There exists in any art form something called the vanity project. This is a thing where the creators want more than just to create a brilliant piece of art, they want to create something just so they can say, ‘dammit, look at me, I made this thing.’ Board games don’t see this a lot, unless you count the fact that every crappy game that ever gets produced has the designer’s name on the box. But I have seen one spectacular example, and it’s what happens when the world’s most popular (and sleep-inducing) reviewer decides to make a board game.
That’s right, Tom Vasel made a game, and it’s a game about Tom Vasel and his buddies if they were all in the mafia and not gaming nerds. It’s called Nothing Personal, because supposedly that is what gangsters say to each other right before they shoot each other over a business matter. ‘Sorry I have to cut out your tongue and staple it to your face,’ they say, ‘but it’s nothing personal.’
In Nothing Personal, you try to influence various mobsters as they rise to the top of the criminal food chain, so that they will owe your family the most allegiance before they get either murdered in their sleep or hauled off to the pokey for tax evasion. And because it’s a vanity project, it also has great art and needlessly high-quality components. The money, for instance, is so thick that it barely fits in the box, and you have to use a gallon-sized freezer bag to store it. The box is so heavy that it could stop a bullet (I very much doubt that to be true. and it’s a fun game, so don’t shoot holes in it just to prove me wrong). Not the cards, though – they spent a mint on the cardboard money, and still managed to put cheap cards in the box.
Nothing Personal is one of the most confrontational games I have ever played, which doesn’t surprise me because it was co-designed by Steve Avery, a guy known for liking games where you shoot people. As your criminal mastermind rises through the ranks, he undergoes the very real risk of getting himself a pair of cement shoes and a last address at the bottom of the East River. You’re constantly trying to control the guys that have the most juice, because that makes you money and gets you influence – but the guys at the bottom are the ones who get to choose targets when it comes up murder-o-clock.
In fact, Nothing Personal has so much interaction that you have virtually no option to avoid putting a horse’s head in somebody’s bed. There are times when you are simply forced to hurt somebody. It’s not a matter of if you go after another player, it’s a matter of choosing who owes you the most money. In these cases, negotiation skills are paramount. It’s a good idea to keep a few bucks set aside for bribes. I found this delightful, though a bit chaotic and difficult to predict.
Interesting choices abound in Nothing Personal, though the repercussions of those decisions may not be clear until you’ve played once and experienced the unadulterated slaughterfest. Think it’s OK to let your buddy have the hitman? Bad move, man – you might even make a deal to protect one of your own guys, just to see another gunned down in his prime. Then your buddy will shrug and say, ‘nothing personal, right?’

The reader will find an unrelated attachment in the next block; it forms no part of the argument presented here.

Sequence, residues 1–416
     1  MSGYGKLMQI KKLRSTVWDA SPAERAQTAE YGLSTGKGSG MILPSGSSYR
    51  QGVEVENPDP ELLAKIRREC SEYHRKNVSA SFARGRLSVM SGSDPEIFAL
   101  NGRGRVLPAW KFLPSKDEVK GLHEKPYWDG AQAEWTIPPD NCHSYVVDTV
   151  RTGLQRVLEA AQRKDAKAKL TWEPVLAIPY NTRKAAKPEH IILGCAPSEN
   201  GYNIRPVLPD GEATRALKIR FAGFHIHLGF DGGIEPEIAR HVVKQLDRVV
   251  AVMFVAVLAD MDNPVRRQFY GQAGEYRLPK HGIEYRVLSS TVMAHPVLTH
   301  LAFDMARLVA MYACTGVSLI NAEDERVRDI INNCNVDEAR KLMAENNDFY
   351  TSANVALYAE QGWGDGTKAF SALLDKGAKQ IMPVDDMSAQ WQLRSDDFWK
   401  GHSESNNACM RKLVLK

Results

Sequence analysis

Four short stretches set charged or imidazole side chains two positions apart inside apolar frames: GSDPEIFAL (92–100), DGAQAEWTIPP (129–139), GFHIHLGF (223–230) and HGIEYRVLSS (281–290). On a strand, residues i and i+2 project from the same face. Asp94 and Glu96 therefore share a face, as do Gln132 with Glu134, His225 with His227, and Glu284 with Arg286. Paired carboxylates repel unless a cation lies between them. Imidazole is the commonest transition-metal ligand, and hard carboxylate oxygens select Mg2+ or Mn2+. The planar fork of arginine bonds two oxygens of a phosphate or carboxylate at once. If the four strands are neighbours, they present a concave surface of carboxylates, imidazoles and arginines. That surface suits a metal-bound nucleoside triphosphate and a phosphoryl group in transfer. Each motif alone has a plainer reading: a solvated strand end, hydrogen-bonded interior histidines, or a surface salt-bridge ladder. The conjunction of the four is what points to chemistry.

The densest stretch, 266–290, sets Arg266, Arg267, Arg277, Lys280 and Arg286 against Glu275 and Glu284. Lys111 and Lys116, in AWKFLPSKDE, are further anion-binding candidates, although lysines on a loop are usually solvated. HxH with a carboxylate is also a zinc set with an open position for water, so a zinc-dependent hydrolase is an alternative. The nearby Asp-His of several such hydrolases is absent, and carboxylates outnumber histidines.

Aside from making a fun, brutally confrontational game and equipping it with extraordinarily overproduced pieces, the best way you’ll know that Nothing Personal is a vanity project is because Tom and his boys put themselves into the game. They put their likenesses on cards and then gave them names that sound like their own names, but with an O on the end because apparently all Italians have names that end in a vowel. This was probably just on the off chance that you somehow missed that the game was from Tom Vasel, and he wanted to be damned sure you knew he made a game.
This narcissistic vanity does go a little over the top to the point of being eye-rollingly absurd, but it can be forgiven because Nothing Personal really is a fun game. It combines a mob theme with exceptional confrontation and fantastic art to create an experience where you can’t even get too worked up when someone kills the capo while you were wearing the ring. Though I do think the name is a bit ironic – for the designers, at least, this game is obviously Something Personal.
Great art and very nice pieces
Lots and lots of interaction, most of it wildly chaotic
Plenty of fun decisions with long-term repercussions
If you have to get this vain, couldn’t you just order custom license plates?
I expect other reviewers will have had a field day throwing Vasel under the bus, but really, my main complaint with Nothing Personal is just that it’s desperately vain. Other than that, I liked it.